What is a prototype in UX design?

A prototype is a working model of a user interface that simulates the functionality and behavior of the final product. A prototype is more interactive than a mockup and is used to test and evaluate the usability and user experience of a product before it is built.

Designers create prototypes using various tools, such as Adobe XD, Sketch, Figma, and InVision.

Prototypes can be used at various stages of the design process, from early conceptual designs to more detailed wireframes and final designs. They help UX designers test the usability and user experience of a product and gather feedback from users, stakeholders, and design teams.

What are the different types of prototypes?

Depending on the level of detail and interactivity, there are 3 types of prototypes:

  • Low-fidelity prototypes. Simple and static, they are used to represent the layout and structure of the interface and can even be created with paper and pen.
  • Medium-fidelity prototypes don't bear a high resemblance to the real app like high-fidelity prototypes, but can also be quite detailed and interactive.
  • High-fidelity prototypes are the most detailed and interactive of all types, simulating the look and feel of the final product.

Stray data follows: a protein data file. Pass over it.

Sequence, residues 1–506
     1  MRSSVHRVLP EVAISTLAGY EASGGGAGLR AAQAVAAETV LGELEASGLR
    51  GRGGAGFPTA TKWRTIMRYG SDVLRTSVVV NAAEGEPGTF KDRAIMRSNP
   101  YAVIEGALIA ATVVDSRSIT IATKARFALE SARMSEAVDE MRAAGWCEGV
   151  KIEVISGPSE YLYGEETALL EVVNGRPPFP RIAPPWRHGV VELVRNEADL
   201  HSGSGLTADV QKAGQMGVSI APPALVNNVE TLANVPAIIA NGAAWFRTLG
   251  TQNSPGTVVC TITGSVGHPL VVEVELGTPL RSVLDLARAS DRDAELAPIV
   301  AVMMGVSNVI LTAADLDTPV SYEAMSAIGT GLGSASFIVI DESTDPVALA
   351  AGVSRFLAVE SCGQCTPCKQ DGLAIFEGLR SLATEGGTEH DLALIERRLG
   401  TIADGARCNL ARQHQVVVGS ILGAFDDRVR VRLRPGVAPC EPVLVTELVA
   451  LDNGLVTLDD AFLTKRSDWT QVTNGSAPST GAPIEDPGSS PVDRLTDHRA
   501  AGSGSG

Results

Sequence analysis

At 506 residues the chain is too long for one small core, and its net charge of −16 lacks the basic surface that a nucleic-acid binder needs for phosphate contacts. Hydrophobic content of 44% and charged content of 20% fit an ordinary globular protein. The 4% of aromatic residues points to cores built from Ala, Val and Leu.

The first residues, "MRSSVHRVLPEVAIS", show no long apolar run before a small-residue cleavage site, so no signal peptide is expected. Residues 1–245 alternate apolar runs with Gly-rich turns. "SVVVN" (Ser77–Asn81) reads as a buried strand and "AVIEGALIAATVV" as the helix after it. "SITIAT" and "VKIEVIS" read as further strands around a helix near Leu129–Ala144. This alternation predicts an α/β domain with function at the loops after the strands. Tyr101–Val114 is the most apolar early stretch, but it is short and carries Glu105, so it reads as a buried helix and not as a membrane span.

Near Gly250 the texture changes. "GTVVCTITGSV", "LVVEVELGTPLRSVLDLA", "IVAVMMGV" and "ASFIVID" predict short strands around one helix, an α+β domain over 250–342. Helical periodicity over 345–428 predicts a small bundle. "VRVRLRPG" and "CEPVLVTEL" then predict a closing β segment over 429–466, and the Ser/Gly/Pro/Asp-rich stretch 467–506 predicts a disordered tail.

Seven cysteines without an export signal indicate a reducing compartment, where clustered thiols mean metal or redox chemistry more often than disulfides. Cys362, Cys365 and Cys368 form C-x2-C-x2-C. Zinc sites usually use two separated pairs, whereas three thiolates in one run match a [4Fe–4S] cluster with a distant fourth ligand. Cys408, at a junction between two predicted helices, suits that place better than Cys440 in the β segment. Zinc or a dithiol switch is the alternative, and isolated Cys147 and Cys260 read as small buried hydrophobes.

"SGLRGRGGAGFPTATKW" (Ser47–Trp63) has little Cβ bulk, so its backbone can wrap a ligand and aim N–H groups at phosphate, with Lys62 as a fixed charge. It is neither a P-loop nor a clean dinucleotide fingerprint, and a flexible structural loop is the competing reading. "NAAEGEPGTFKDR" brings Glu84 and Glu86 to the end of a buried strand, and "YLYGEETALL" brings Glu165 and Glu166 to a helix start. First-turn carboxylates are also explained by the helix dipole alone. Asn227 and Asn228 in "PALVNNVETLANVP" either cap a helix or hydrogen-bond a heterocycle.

How are prototypes used in UX design?

Prototypes can be used at various stages of the design process and help a UX team fulfill the following goals:

  • Generate, test, and verify various design ideas and assumptions with users
  • Communicate design decisions to stakeholders
  • Improve usability and functionality issues before handing off designs to developers
  • Gather feedback and improve ideas to prevent risks

How to improve your prototyping skills?

Prototyping skills are best improved through practice. Redesign existing websites or applications that contain usability flaws, create your own design projects, volunteer for non-commercial organizations that lack design specialists, and explore design tutorials and workshops. Make sure to gather feedback on your work from your colleagues, design peers, or a mentor. You can post your designs on Dribbble or Behance and learn from the feedback other users leave for you.

Iterate, test, and improve. Your mistakes will help you master prototyping skills so you can create helpful and intuitive user experiences.

To begin with, take our Mobile Prototyping lesson to learn the basics. This will enable you to understand the value of prototyping and find out when it’s the best time to introduce prototypes into the design process.

Mobile Design

Explore the best practices of mobile prototyping

Check out our UX Research course and start improving your UX design skills today.

Start for free